The Scheme of Work is dead. Long live Planning for Learning! In the last year there has been a shift towards ensuring that planning documents are centred around the learner and the learning process instead of what the teacher is doing as a “performer” in class. This is a hugely positive step as it reduces time being spent on bureaucratic tasks such as teachers evidencing their planning mainly so that it can be policed or audited in some way.
Planning for learning is about structuring the learning for your class and the individuals in it and sharing relevant goals and materials with them in language they can access. It is a world away from the old Schemes of Work written in educational jargon, which managers would audit partly to check teachers’ compliance with college procedures. Old world SoWs could be deeply unfriendly to learners. Planning for learning puts them at the heart of the process where they belong.
In many colleges planning for learning starts during June and July as part of preparation for the next academic year. In many cases this is done as an individual activity or at most in collaboration with a co-tutor. I would argue that there are benefits to incorporating an element of reflection as a group or a team. It is a rare chance to share practice at the level of how to plan an overview for learning and signpost new resources to include. At this point in the year, it is a good time to use these questions to reflect on plans for learning.
Reflective Questions for Planning Learning
Here are a few to explore with your colleagues, while reflecting on your Plan for Learning:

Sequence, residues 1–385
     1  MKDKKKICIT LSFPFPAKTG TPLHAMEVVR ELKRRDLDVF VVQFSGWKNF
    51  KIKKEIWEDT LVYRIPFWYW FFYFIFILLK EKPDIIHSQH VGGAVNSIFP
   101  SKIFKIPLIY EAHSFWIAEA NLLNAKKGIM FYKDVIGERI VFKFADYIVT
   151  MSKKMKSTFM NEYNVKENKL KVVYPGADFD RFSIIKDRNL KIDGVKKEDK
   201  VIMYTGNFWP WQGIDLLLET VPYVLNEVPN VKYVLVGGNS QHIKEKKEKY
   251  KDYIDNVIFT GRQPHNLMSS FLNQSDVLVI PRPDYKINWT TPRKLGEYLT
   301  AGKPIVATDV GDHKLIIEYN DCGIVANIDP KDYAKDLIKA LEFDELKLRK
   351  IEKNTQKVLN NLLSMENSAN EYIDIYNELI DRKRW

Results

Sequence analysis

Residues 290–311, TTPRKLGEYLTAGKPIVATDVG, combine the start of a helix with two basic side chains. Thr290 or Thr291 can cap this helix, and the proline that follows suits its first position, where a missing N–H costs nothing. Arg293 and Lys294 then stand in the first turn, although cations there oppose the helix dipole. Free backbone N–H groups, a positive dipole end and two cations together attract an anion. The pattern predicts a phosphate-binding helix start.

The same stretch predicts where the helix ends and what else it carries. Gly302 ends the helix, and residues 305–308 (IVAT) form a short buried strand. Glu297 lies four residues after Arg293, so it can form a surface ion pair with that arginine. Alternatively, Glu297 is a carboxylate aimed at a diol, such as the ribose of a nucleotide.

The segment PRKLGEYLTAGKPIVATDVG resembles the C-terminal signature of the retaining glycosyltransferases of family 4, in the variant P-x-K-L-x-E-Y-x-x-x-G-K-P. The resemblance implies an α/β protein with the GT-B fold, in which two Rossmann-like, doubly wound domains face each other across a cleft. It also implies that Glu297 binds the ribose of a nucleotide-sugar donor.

1. For learners, how clear will the links be between units/topics on the plan? How can these links be made?
2. Where are the opportunities for learners to review key ideas and vocabulary?
3. For strong learners, how is stretch and challenge going to be provided?
4. How varied is the plan, in terms of types of activity, ways of working together in class etc, so it is engaging for learners?
5. Where could the plan benefit from a few extra self-study resources?
6. Where are there natural opportunities to promote equality and diversity?
7. How specific is the plan, in terms of how language, literacy and numeracy skills will be developed? Who could help enhance those strands of the plan?
8. How does learning get checked in each unit/topic through assessment and other methods, so learners are clear on their progress?
9. Which sessions could be challenging for some learners? How can you support them?
10. How will your marking and feedback help learners to be aware of their performance and progress?
This reflective conversation can be carried out in many ways.
1. At Epping Forest College, Learning Champions met 1:1 with a peer to discuss their plan for learning, picking out relevant areas for discussion from a big list of questions. Teams spent time in July planning together and part of that process involved facilitated conversations using reflective questions, so that practice was shared and fed back into the planning process.
2. Teachers could also use reflective questions for individual thinking or for conversations with a co-tutor or other team member.
For course teams, a few reflective questions like these could also be useful:
1. Last year, which modules/units were particularly effective with learners? What can we take from that into this year’s plan?
2. Which aspects of the course did learners find challenging or not engaging? What improvements can we make in terms of materials or style of delivery?
3. Which one activity or resource do you want to share with the course team?
4. How can we improve the marking and feedback cycle, to engage learners better?
5. What would be one small but powerful change we could make to the course, to improve learner achievement?
6. How can we share resources and ideas even more effectively this year? (Moodle meta courses, Active Schemes of Work, an email distribution list, a discussion forum online, meeting up, peer observation?)
This planning process can be a great chance to share practice and hone thinking about improvements for the new group of learners. Reflective questions can be helpful in focusing discussion and identifying practical points to take forward. It would be very interesting to hear from anyone who is using this approach or tries it out soon.